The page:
SP2 ranked #8 among Schools for Social Work
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New MSW Elective Courses

MSW student and child

Student Life


SP2 is committed to remaining current and forward-thinking. In order to do so, the faculty and staff of the MSW program continually develop new elective courses to meet student interests and remain up-to-date in the field.

The study and practice of social work is expanding and ever-evolving. Penn’s MSW program is an intense yet practical academic experience that blends the classroom curriculum with a robust urban field placement and rich extracurricular opportunities on campus and in Philadelphia. While the program follows the core curriculum set by the Council on Social Work Education, students in Penn’s MSW program have the opportunity to take a variety of clinical- and macro-focused elective courses.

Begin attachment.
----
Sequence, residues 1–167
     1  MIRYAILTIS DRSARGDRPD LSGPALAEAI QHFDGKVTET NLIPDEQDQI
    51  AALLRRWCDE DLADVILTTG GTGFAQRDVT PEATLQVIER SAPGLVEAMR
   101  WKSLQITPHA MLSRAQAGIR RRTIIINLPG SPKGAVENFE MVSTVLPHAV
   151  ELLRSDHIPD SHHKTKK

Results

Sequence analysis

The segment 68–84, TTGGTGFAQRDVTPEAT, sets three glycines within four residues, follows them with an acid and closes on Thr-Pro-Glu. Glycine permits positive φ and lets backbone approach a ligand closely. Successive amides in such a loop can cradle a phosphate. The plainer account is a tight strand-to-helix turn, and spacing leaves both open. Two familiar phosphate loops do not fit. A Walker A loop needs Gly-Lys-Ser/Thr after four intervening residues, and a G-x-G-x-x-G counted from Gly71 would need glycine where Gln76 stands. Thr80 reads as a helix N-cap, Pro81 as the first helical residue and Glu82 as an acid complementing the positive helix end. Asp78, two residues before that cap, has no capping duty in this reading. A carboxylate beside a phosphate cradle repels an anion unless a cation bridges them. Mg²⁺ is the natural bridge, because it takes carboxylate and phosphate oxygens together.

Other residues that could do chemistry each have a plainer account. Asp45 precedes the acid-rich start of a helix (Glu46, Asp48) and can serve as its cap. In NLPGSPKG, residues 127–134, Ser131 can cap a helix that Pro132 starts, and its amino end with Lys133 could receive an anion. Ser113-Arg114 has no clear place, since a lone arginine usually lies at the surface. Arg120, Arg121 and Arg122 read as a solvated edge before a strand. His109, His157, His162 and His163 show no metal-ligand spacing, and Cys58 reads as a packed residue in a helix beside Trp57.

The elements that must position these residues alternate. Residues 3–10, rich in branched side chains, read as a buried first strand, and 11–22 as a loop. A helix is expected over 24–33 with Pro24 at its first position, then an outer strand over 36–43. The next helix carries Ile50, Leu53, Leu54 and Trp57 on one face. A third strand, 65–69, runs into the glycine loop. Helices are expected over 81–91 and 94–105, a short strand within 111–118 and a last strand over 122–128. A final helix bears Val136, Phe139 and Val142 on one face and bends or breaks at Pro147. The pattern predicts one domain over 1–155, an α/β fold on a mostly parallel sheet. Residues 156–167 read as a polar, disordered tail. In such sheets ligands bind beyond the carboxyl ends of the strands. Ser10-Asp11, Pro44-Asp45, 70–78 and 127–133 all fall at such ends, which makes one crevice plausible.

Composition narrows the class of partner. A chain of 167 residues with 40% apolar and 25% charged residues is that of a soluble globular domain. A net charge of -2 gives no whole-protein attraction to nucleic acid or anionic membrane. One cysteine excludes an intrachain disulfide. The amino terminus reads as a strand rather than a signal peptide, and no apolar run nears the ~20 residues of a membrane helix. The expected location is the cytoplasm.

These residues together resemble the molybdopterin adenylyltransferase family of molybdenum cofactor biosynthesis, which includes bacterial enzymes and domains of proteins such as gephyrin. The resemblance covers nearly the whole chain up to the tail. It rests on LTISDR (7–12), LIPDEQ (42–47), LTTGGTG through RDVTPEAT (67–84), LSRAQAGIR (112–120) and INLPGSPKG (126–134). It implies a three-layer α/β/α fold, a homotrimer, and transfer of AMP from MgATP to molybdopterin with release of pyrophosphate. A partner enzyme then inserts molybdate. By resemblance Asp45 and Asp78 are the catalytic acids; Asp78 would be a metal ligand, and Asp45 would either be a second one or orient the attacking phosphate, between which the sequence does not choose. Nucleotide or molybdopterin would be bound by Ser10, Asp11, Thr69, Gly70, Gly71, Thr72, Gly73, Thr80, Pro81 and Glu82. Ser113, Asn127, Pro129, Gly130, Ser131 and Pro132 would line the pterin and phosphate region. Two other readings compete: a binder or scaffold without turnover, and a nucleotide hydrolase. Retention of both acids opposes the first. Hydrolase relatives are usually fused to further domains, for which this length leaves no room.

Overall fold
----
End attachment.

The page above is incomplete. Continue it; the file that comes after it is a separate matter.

Since 2015, nine new courses have been launched, including six in Spring 2016:

  • Gender and Social Policy: This course places specific emphasis on utilizing theoretical frameworks to evaluate the intersection between social policy, history, and social science in relationship to gender issues.
  • Housing Policy and Social Inclusion: Students will examine the challenges to creating integrated housing and community opportunities for adults with complex needs, such as physical and mental health challenges, homelessness, and transitioning out of foster care.
  • Social Work Practice in Schools: Students will learn about education law, delivery of mental health services, advocating on behalf of students, and other complex issues that are part of the unique training needed by school social workers to assist students, parents, and schools.
  • Social Work Practice with Groups: This course will train students to facilitate therapeutic, psychoeducational, task, and decision groups, while helping them explore how to start, manage, and terminate groups in various social work settings.

According to the Director of the MSW Program, Dr. Joretha Bourjolly, “our curriculum prepares students to position themselves in diverse settings as competent social work practitioners and agents of social change.”